As it grapples with the COVID-19 pandemic, California faces an uncertain fiscal future. This global crisis has caused a sharp decline in economic activity, exposing crucial sectors to heightened risk. As discussions continue about when and how to re-open the economy, it is clear that the state will have to respond to significant fiscal challenges.
The good news is that California has made important changes to its reserve policies since the Great Recession. The passage of Proposition 2 (2014) created the Budget Stabilization Account—the state’s rainy day fund—as well as the Public School System Stabilization Account, a separate reserve for K–12 districts and community colleges. In addition, Governor Brown and the legislature created the Safety Net Reserve Fund to shore up Medi-Cal and CalWORKs funding during downturns.
The bad news is that a severe recession is likely to pose significant budgetary challenges. Drawing from the state’s experience during several recent recessions, PPIC estimated the budget ramifications of mild, moderate, and severe recessions and the capacity of state reserves to fill gaps. We found that the state’s reserve balance—estimated to be $17.9 billion—is large enough to withstand a mild recession such as the dot-com bust in the early 2000s.
However, a long and/or severe recession like the early 1980s oil shock (which lasted four years), or the early 1990s slump and the Great Recession—both of which were much more severe and lasted five years—would create large budget gaps and require policymakers to make difficult decisions. (It is important to note that the estimated reserve balance relies on the 2019–20 enacted budget and that it will change when revenue estimates are updated in May.)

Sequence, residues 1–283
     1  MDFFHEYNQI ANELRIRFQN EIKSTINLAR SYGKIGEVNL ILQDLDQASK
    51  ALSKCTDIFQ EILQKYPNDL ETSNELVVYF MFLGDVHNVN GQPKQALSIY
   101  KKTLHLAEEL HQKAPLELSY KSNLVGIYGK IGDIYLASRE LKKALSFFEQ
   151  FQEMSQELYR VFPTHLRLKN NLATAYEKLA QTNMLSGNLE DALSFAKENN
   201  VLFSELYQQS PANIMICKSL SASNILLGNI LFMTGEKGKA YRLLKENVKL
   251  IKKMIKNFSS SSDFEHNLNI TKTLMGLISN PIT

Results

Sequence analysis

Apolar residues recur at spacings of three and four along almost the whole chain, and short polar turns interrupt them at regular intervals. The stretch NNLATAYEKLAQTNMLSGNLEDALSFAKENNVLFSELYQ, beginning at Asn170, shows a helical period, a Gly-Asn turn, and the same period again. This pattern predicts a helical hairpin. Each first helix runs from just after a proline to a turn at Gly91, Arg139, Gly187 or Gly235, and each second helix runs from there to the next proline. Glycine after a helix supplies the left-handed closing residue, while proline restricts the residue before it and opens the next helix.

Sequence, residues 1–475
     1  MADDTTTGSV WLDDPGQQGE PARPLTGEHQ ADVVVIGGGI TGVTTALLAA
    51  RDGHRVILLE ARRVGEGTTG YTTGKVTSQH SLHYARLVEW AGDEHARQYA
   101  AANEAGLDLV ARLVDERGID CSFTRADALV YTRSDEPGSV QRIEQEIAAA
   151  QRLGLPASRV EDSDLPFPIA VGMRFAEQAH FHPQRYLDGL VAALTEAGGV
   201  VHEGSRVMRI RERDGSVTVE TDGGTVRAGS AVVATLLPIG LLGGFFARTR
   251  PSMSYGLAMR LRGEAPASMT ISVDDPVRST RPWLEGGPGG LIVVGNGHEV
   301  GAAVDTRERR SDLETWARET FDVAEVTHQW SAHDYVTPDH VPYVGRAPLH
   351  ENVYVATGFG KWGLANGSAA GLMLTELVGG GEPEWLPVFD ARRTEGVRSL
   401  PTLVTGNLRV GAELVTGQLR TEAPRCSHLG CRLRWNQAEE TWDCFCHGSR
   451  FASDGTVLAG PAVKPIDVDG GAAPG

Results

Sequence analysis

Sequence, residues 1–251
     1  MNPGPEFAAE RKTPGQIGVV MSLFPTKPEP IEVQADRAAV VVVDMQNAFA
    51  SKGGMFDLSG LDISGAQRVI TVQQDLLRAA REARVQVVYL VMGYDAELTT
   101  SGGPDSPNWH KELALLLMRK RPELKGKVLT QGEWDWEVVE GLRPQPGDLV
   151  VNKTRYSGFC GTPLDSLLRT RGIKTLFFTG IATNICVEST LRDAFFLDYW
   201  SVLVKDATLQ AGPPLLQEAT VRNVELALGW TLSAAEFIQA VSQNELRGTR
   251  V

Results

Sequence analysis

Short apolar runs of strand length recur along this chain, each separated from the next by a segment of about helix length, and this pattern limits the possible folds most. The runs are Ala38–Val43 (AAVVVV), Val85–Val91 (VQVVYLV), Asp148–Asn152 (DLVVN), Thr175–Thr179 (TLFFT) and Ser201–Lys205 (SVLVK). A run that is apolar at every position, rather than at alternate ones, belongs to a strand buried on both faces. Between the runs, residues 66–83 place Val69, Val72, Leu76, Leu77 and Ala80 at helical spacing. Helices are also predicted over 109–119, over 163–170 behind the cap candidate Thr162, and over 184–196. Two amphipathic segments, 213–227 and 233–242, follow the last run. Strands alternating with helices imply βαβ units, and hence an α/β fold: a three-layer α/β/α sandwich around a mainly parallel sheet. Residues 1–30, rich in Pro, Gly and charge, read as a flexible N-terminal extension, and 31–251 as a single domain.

In the meantime, the federal government has stepped in. The Families First Coronavirus Response Act includes an increase in the federal share of Medicaid payments and reimbursements to states that are expanding public assistance programs. The Coronavirus Aid, Relief, and Economic Security (CARES) Act provides about $2.2 trillion; some aid goes directly to families, some goes to schools, and some to state and local governments. Additionally, two federal disaster declarations make many of California’s COVID-19 expenditures eligible for at least partial reimbursement.
Governor Newsom has requested additional federal assistance, including flexible aid to state and local governments, a further extension of unemployment insurance benefits, and expanded support for safety net programs, small businesses, K–12 and higher education systems, childcare, and broadband.
The state is also making significant changes to the 2020 budget process. The Department of Finance is drafting a “workload” budget for the May Revision that will set the baseline for the final budget to be enacted in June. This will limit spending increases while allowing for growth in programs—particularly safety net programs—that expect increased demand. The legislature will revisit the budget for an “August Revision” that reflects changes in the state’s financial condition. As these processes move forward, PPIC will continue to monitor California’s evolving fiscal challenges and steps being taken to address them.